In The Things We Don’t Say, Morgenlender opens the door to the intimate lives and thoughts of those with chronic illness through first-hand accounts of their lived experience. The large group of international authors she has assembled do not hold anything back – sharing intimate, honest and at times raw, details of how illness has affected every aspect of their lives from friendships to their ability to work to their families and even to their sex lives. Readers will feel their shame for being sick and disabled, their loneliness at having to withdraw from activities designed for healthy people and their terror at confronting the loss of their autonomy and independence.
For those of us living with chronic illness, Morgenlender has given us a gift of belonging and connection to a universe of others who share our experience. Her authors remind us that we are not alone, that our pain and illness is real and that it is more than okay to take care of ourselves first, as hard as that is to do.
For readers who are not sick but are drawn to this book for whatever reason, The Things We Don’t Say will surely deepen their understanding of the inner world of those burdened by chronic illness.
In Julie Morgenlender’s impressive anthology, The Things We Don’t Say, the reader gets an illuminating and sobering view of what life is like living with debilitating pain. Julie found such an amazing, diverse and articulate group of writers (including herself) to give chronic illness the voice it deserves. I was truly touched as I became absorbed and emotionally invested in each story and felt my outlook and perspective on chronic illness change.
At times gut-wretching, always fascinating, and sometimes humorous, The Things We Don’t Say should be read by everyone as it paints an intimate portrait of pain, helping the reader understand how chronic illness looks and feels firsthand. It also helps to give those who are suffering a voice and empower them to see that they are not alone in the world. This book offers the reader a better understanding of how to support and sympathize with those who struggle on a daily basis with chronic illness. I have no doubt that Julie Morgenlender’s anthology, The Things We Don’t Say, will help us get closer to this goal.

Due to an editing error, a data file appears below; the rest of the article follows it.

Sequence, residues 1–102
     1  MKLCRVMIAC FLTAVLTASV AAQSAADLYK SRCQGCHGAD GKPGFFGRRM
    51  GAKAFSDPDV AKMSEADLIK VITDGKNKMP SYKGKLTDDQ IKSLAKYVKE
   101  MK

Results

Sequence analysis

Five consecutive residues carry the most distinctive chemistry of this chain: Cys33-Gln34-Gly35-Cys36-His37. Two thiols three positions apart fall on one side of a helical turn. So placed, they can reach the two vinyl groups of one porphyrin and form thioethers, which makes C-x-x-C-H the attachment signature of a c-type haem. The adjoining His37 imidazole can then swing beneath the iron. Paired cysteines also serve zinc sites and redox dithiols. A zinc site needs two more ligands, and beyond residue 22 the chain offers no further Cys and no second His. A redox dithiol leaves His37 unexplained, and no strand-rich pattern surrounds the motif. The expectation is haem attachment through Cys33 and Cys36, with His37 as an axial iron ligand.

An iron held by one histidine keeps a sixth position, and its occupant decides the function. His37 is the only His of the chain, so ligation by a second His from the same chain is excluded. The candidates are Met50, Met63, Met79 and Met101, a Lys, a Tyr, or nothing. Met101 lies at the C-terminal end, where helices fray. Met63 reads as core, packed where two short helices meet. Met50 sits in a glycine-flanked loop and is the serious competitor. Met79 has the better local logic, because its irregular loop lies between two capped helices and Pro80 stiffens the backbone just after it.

In Julie Morgenlender’s new anthology, we meet a variety of folks living with different chronic illnesses. Reading about their individual challenges and strengths is affirming to those of us who are also sick; in their experiences, we spot many ways in which we can care for ourselves.
Keidra Chaney, in I Am Not My Cornea, tells us she won’t stop talking about her progressive vision loss even if it’s uncomfortable for others, and that feels so relatable; I don’t know what Keidra’s symptoms are like personally, but I know how powerful it is when folks speak up. And Lindsey M. Clouser, in High-Maintenance, reminds us that women are raised to be people-pleasing comforters to all, even at the cost of our self-care. But she refuses to pretend to be low-maintenance, and I love her frankness.
If you live with chronic illness or know someone who does, get this book! You will see yourself in these stories, and gain new insights and strategies for living well in spite of illness.
The anthology is fantastic! So many heart wrenching and heartwarming stories! I cried and cried, identifying with almost every author. I’ll certainly purchase copies for doctors!
The stories in Morgenlender’s Things We Don’t Say are heart wrenching, heartbreaking, and heartwarming. They’re real stories of real struggles by real people. People with invisible illnesses often have to fight for a diagnosis, live years with symptoms that don’t make sense, get passed from doctor to doctor like they are on an assembly line. They are sorely misunderstood and often dismissed by everyone in their world.